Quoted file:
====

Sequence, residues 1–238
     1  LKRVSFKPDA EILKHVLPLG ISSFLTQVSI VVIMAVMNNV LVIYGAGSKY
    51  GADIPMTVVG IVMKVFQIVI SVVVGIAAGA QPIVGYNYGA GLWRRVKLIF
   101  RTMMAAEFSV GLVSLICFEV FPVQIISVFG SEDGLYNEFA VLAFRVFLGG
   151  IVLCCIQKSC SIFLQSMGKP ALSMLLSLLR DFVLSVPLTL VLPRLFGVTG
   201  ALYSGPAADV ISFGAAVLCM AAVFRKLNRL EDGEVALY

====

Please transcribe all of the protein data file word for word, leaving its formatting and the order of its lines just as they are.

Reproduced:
Sequence, residues 1–238
     1  LKRVSFKPDA EILKHVLPLG ISSFLTQVSI VVIMAVMNNV LVIYGAGSKY
    51  GADIPMTVVG IVMKVFQIVI SVVVGIAAGA QPIVGYNYGA GLWRRVKLIF
   101  RTMMAAEFSV GLVSLICFEV FPVQIISVFG SEDGLYNEFA VLAFRVFLGG
   151  IVLCCIQKSC SIFLQSMGKP ALSMLLSLLR DFVLSVPLTL VLPRLFGVTG
   201  ALYSGPAADV ISFGAAVLCM AAVFRKLNRL EDGEVALY